She’s spent decades on our screens presenting much-loved shows such as Springwatch, Autumnwatch and Animal Park. So, when Kate Humble calls from her home in the Wye Valley, we’re not surprised by her geniality and humour. The self-confessed bumpkin’s affinity with nature started in childhood. Being raised next to a farm meant Kate could revel in all the hallmarks of a rural life and was no stranger to getting her hands dirty. The experience clearly played a huge part in developing her lifelong love affair with the land.
“I learnt early on that the things which mean the most, make us smile and give us the get-up-and-go to jump out of bed in the morning are not things we pay for,” she says. “They’re the things we see, experience and smell.”
Kate, 51, is currently in quarantine after a trip to her cabin in France.
“It’s a four by six box on the edge of a lake, completely off-grid, and I absolutely love it. I while away my days by the water’s edge in the chilly morning mist watching the kingfishers come and catch their breakfast. That, to me, is a priceless experience. You just open your eyes and you’re in the right place at the right time. Nothing beats moments like that.”
We’re keen to find out what else is on her list of simple pleasures.
“It’s deeply middle aged, but I’ve discovered the proper joy of having mud under my fingernails,” reveals Kate, who lives with her husband, television producer Ludo Graham, and three dogs Badger, Bella and Teg.
“However, it also has a lot to do with the irrepressible anxiety I feel about what we’re doing to the planet. I despair for our species. We’re meant to be the cleverest creatures on Earth, yet we’re behaving in a way that’s so opposite to that. If I can quietly try to do things that are softer on our resources and die knowing I haven’t been quite as bad as the sum of our parts, that’d be great.”
It’s no secret that Kate likes a greener way of living, but it’s a lifestyle more of us are tempted by, too.
With coronavirus helping businesses realise employees can work well remotely, many people are considering trading office-packed cities for the country.
“Get out,” instructs Kate. “We have to learn the lessons of this pandemic otherwise it will all have been for nothing. One such lesson is that there is no end to the imaginative ways of working and the freedom it gives people.”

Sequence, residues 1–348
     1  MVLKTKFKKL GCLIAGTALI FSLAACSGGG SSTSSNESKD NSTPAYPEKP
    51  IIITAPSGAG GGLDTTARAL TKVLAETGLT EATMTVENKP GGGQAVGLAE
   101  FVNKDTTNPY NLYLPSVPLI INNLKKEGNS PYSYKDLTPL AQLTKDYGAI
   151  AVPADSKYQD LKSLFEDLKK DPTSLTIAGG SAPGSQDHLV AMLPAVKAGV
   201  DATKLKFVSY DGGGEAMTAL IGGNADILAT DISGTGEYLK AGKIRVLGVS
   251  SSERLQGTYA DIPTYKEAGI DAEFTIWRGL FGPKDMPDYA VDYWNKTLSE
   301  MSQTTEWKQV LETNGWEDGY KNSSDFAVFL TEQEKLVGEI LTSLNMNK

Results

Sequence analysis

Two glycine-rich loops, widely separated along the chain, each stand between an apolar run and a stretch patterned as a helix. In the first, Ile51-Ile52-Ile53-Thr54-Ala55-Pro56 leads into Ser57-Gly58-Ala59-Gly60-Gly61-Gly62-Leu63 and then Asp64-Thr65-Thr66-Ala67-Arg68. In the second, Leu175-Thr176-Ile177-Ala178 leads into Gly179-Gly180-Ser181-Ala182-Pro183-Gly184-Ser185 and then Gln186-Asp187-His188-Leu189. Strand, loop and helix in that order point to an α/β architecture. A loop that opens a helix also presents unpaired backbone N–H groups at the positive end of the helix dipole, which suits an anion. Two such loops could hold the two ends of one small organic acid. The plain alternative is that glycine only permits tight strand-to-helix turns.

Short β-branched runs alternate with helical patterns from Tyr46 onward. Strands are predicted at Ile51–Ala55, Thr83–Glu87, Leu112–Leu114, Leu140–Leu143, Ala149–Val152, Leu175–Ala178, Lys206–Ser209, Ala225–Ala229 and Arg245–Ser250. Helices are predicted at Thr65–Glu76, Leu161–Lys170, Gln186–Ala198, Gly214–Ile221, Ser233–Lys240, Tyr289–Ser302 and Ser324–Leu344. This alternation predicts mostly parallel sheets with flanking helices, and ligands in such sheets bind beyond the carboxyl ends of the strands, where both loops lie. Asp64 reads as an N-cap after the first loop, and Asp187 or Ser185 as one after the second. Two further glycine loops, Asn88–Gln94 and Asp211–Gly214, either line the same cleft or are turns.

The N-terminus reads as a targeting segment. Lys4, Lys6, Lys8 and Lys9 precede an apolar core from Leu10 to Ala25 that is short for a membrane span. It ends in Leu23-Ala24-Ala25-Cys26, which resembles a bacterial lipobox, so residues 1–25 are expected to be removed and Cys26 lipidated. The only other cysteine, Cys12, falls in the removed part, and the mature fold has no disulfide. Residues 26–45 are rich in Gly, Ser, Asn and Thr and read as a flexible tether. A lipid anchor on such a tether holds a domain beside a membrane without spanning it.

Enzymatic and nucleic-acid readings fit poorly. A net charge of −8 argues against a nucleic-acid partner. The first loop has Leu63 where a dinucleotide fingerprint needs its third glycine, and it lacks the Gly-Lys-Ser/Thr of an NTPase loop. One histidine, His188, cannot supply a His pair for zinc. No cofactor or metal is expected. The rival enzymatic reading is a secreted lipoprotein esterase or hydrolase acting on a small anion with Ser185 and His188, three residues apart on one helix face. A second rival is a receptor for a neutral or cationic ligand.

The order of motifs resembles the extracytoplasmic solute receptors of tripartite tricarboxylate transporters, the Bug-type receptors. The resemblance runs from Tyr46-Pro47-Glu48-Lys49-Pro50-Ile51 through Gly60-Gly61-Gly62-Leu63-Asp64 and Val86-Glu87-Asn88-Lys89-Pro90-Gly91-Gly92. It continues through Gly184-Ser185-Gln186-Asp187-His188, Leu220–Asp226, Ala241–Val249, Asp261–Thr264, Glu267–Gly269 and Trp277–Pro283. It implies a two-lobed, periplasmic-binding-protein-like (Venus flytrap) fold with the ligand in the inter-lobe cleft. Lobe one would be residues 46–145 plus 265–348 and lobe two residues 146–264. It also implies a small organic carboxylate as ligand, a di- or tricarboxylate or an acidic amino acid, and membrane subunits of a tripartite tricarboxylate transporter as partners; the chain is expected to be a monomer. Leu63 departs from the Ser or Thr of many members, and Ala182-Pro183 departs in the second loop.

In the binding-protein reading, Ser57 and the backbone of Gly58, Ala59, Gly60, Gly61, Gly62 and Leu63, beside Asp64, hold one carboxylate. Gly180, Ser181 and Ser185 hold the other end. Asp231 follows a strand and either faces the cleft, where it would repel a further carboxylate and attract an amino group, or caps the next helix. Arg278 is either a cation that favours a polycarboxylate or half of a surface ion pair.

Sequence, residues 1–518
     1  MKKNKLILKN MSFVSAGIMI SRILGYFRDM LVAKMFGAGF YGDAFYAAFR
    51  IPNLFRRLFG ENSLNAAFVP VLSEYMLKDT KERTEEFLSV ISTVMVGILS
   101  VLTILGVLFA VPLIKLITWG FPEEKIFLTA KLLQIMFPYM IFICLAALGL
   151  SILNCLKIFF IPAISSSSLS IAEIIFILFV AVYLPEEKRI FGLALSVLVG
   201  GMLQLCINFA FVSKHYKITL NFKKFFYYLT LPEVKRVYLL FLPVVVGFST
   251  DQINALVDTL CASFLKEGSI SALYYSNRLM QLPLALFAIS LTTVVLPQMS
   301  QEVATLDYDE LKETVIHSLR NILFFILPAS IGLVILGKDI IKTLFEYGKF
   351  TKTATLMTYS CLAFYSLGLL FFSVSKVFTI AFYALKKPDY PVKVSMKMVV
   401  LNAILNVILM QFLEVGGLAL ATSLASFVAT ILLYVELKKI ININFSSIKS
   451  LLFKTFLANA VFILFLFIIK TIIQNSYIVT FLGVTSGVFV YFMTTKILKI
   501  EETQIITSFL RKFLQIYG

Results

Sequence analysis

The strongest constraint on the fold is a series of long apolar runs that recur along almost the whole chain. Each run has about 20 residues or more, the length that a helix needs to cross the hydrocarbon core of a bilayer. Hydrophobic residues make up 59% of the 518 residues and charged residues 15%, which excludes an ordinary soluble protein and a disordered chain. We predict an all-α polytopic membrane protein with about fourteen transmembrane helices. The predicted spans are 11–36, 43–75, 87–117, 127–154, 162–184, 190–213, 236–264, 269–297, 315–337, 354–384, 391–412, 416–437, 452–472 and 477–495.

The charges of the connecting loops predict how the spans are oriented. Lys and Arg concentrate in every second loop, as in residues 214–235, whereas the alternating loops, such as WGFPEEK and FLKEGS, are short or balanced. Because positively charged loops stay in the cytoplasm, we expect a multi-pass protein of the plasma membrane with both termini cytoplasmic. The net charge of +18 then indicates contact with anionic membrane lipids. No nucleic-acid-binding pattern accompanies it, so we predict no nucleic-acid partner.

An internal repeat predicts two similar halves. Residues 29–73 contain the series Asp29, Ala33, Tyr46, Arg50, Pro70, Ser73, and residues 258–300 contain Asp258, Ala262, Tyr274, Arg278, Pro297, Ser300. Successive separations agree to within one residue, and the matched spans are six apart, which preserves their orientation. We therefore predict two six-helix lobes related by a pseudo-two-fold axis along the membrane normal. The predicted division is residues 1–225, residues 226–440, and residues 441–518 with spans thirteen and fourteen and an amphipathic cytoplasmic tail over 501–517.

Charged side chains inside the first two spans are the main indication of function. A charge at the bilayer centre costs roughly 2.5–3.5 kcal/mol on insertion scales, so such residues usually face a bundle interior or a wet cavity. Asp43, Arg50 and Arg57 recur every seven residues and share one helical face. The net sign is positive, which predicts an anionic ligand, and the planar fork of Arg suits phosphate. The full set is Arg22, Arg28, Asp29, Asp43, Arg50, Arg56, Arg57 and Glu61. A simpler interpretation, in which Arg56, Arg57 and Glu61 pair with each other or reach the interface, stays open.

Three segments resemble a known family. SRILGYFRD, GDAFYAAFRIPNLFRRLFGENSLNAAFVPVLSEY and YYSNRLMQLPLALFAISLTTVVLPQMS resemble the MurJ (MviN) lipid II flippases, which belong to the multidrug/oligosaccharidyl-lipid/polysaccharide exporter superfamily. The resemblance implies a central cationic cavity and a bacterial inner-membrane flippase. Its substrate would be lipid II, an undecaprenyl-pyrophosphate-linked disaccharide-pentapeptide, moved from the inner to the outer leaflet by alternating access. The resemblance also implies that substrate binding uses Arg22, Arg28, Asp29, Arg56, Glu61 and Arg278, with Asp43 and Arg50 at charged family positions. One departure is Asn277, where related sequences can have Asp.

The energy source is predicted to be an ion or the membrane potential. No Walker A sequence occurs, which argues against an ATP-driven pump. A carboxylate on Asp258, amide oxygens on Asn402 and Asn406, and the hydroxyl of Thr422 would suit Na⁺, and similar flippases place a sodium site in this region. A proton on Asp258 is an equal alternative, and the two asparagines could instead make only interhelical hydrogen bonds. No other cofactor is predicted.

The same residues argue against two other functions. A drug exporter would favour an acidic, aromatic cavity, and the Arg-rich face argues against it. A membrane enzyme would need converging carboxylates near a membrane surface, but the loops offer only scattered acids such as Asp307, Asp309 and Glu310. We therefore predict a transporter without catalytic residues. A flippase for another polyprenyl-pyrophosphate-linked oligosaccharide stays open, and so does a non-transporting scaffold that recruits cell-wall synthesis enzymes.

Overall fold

“If you’re feeling stuck in a flat in the city and craving something a little greener, think about what would it take to make you happier. All it requires is some action, be that selling your place and buying another or looking for somewhere different to rent.”
“We think of our decisions, especially big decisions like moving, as being permanent. But they’re not. We can try things. Now more than ever is the perfect time to give things a go because nobody really knows what life is going to look like.”
“Grasp the things you know make you happy and chase them like mad. Stop thinking about the practicalities. You’ve got one shot so if you’re not happy where you are, make the moves needed to change it.”
This river of wisdom never runs dry and it’s clear Kate’s guidance comes from a life that allows her to be herself.
“Age is a great thing because it makes you braver and you care less about what people think, especially when it comes to what you look like. I found my skin a long time ago and I never want to be made into something I’m not,” she asserts.
“Imagine if I turned up to a farmyard fully made up in heels and a gown. I’d look pretty stupid and wouldn’t be able to do my job properly.”
So, what makes Kate feel beautiful? “Being away from the tyranny of mirrors,” she says.
“When I’m in our cabin in France I go completely feral. I love having bare skin, bare feet and hair wet from a wild swim. After that I’ll just sit in the sun, nothing on, with my book and a cup of tea and I feel absolutely gorgeous.”
But how does she cope with adversity?
“I have the world’s most patient, long-suffering husband and the most wonderful friends. They’re hugely important to me,” she says.
“But I also use my time alone to help me through challenges. There is little in life more healing than solitude and the headspace it allows us. Especially solitude in nature.”
Rather like a piping-hot pot of tea on a rainy day, our chat with Kate provides us with warmth and comforting familiarity and is, in essence, exactly what we need.
Kate Humble’s book, A Year of Living Simply: The Joys Of A Life Less Complicated, £20, is out now.